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Old 03-08-2010, 07:25 PM   #1
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Geek's Guide to Colorado.

Good Day eh?

Sitting atop Mount Bross at 14,172ft.
261 feet shy of the highest point in Coloardo!



Geek's Guide to Colorado

I moved to Colorado almost 4 years ago now.
Before I moved here I had visited Colorado twice in my life.
Both times I was left wanting more.

The scale of Colorado is overwhelming. When visiting, no matter what I did I knew there was "better stuff" I was missing (and I was right!). I wish I had access to some "insider knowledge" way back then. If I knew then what I know now, I would have completely changed what I did during those brief vacations.

Now all these years later, I think I might find myself in a bit of a unique position. I've been here long enough to be able to recommend and detail some exceptional riding, but I've not been here so long that I've grown "used to" some of the stuff the locals often over look and that visitors to Colorado would enjoy (and I still get dizzy when up where there is no oxygen ). Sure there are lots of folks around here that know Colorado better than I do, but I've gotten to know enough good stuff that I think it could really be of use to ADVers who are looking to visit.

I'm going to aim this ongoing ride report to my fellow ADVers who do NOT know Colorado but are looking to visit. If you live here, this likely won't be of interest (and you'll have seen many of my photos already in various Rockies Regional Ride Reports). I will be sharing this report with friends and family who live far away and some of them may be young so I'll try and keep language in check as well.

I'm going to spend the next few weeks building this "guide ride report" which will include photos from my past explorations in Colorado, tips on places to go and ride in Colorado (often from a flat-lander's point of view), and upcoming ride reports appended as I explore new parts of The Rocky Mountain State this upcoming ride season.

Hopefully it'll help some of my ADV brethren plan their summer vacations this year and lead you to some of the places that make me go "Wow!" every time I visit them.


cheers,
Edward



The view of Telluride Colorado from Black Bear Pass.
This image has personal significance to me (not to mention it being part of one of Colorado's most spectacular rides!)..



...more to come...

Geek screwed with this post 09-27-2010 at 03:21 PM
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Old 03-08-2010, 07:31 PM   #2
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Some samples of things to come...


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Old 03-08-2010, 07:40 PM   #3
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Nice work Geek! That area of Colorado is my favorite!

Looking forward to the next installment!
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Old 03-08-2010, 07:43 PM   #4
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...and let me mention up front I'm afraid of heights. So often when I rate a ride's difficulty it'll have nothing to do with how difficult the ride was and everything to do with how many times I pooped my pants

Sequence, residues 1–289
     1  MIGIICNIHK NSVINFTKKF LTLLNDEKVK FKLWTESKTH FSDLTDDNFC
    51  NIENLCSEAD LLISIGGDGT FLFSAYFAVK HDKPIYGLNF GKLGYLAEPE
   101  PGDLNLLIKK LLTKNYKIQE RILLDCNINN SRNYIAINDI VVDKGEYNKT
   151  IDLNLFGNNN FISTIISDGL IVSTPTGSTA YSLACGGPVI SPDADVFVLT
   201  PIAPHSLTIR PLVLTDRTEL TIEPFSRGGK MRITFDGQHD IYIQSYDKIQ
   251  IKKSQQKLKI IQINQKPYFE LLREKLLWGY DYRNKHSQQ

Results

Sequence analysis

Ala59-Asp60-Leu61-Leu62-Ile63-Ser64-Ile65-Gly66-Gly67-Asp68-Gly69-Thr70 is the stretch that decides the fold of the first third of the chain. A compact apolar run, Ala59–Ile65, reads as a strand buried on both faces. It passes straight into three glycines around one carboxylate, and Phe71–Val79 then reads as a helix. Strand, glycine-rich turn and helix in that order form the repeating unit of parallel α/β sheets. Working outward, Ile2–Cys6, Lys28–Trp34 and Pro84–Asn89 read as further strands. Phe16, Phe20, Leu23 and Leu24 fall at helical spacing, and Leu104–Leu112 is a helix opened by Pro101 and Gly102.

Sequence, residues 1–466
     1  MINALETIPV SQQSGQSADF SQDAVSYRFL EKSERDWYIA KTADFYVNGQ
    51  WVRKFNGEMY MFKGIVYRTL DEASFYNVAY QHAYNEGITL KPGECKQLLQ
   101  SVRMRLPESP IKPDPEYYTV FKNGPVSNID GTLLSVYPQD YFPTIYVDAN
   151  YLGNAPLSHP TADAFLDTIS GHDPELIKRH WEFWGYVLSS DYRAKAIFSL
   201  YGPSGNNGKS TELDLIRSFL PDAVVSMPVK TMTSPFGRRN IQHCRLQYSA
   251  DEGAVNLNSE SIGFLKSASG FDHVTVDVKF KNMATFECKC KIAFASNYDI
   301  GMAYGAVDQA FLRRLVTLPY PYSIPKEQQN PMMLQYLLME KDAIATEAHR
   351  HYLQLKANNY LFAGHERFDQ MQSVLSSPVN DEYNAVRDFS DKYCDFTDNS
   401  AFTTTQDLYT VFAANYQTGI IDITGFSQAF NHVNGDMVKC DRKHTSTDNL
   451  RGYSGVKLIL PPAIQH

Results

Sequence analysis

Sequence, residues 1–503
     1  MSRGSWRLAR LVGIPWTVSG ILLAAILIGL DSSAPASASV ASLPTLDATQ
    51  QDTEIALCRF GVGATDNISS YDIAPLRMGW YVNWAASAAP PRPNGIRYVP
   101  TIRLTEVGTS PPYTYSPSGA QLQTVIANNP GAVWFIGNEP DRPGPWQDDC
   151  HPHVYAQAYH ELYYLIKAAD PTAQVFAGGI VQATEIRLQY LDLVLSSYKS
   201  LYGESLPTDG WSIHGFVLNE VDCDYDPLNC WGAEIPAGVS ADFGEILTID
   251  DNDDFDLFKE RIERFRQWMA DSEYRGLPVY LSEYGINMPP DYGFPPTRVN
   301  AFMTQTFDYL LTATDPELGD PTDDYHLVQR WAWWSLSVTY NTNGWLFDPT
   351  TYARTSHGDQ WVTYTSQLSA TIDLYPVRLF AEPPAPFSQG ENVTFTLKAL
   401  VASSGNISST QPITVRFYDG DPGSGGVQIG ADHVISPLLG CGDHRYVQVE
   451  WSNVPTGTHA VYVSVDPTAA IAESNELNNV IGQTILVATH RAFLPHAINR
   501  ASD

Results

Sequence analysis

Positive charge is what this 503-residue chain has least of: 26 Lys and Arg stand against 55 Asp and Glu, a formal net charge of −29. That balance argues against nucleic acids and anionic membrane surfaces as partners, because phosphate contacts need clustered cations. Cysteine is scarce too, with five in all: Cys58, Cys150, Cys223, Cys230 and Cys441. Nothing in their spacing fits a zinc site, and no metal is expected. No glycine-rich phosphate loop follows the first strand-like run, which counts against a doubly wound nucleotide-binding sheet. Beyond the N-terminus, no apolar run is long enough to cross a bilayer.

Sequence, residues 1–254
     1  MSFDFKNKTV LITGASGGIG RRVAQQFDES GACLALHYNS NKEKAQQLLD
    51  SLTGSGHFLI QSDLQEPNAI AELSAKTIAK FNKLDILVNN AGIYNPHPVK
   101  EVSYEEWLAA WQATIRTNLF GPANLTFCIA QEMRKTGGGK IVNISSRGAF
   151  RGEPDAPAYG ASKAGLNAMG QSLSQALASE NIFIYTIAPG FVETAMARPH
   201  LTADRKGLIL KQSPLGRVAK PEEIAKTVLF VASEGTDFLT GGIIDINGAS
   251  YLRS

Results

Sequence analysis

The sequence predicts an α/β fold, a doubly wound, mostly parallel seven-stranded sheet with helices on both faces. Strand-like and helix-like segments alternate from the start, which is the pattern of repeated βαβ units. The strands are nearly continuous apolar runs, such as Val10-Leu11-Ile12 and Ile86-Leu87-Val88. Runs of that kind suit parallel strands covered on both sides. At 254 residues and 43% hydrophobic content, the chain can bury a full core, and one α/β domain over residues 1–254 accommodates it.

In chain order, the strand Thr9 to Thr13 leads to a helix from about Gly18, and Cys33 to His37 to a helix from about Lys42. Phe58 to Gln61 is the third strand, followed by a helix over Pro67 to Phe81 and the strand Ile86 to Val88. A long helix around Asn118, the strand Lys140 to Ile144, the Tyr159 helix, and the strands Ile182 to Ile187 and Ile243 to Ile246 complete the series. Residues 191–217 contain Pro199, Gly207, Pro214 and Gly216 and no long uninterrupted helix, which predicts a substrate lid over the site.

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Old 03-08-2010, 09:10 PM   #5
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Fantastic so far!!! Looking forward to more.
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Old 03-08-2010, 09:26 PM   #6
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Another Mile-high-er checkin' in.

Teach us something Geek.
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Old 03-08-2010, 09:33 PM   #7
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Old 03-10-2010, 01:04 AM   #8
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Quote:
Originally Posted by Geek
...Hopefully it'll help some of my ADV brethren plan their summer vacations this year and lead you to some of the places that make me go "Wow!" every time I visit them.


cheers,
Edward

WOW is right! Thanks for all this info and the sights! I've been out there many times and CO always leaves me wanting to stay. I'll agree with you that good fitness can help with being able to cope with higher altitude.

I'll be spending a couple days riding trails late May... lower elevation stuff (like 6500' - 8500') starting with the Rampart Rng trails... and again in July. Are your trips usually day-trips ending back home or do you stage a truck/trailer and camper somewhere?

Thanks again!
Eddie
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Old 03-10-2010, 04:13 AM   #9
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I am assuming that the department of tourism grant application was accepted.


Good work Ed. I am looking forward to seeing new stuff from north of I-70 and west of the Front Range.
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Old 03-10-2010, 04:31 AM   #10
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Very Cool!!!!!

Like Hayduke says, "Colorado Sucks"
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Old 03-10-2010, 05:24 AM   #11
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Great RR.. I'm in. We have camped all over CO. (Did Alpine Loop last yr in a Tacoma.. )
Have camped at Hawns Peak, Ouray, Salida (O'Haver Lake) Rocky Mtn, Crested Butte, and above CO Springs (can't remember the name of the lake..)
Looking for new places in CO to see..
Thanks for posting!
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Old 03-10-2010, 06:04 AM   #12
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Three things

1) The report is good, right up to the point that you pinpointed the location of Taylor Park. Please knock that sh*t off...

2) A quick lesson is alititude induced pulminary edema: When I still lived out of state (23+ years ago) we organized a ski trip to Steamboat. One member of our party caught a "cold" after we'd been in state for a couple days. He spent one day in the Boat on the slopes but generally felt like crap. The final 3 days were spent in bed. As we returned home, we stopped in Colo Spgs. He was so weak he could barely walk and we decided, much to his opposition, to take him to the local EmergiCare. Without telling us much of anything, they immediately whisked him into an ambulance and took him to the ICU at Memorial Hospital. Once the dust settled, the doc said "Good thing you didn't try to make it home, he wouldn't have made it". Yea, wouldn't have made it as in "died enroute" . If you feel bad, don't try to tough it out, it could cost you your life.

3) It's dry here. 10% RH isn't unheard of. Drink more water than you think you need because you rarely sweat here. The liquid just vanishes from your body via evaporation and dehydration will contribute to PE.

... carry on..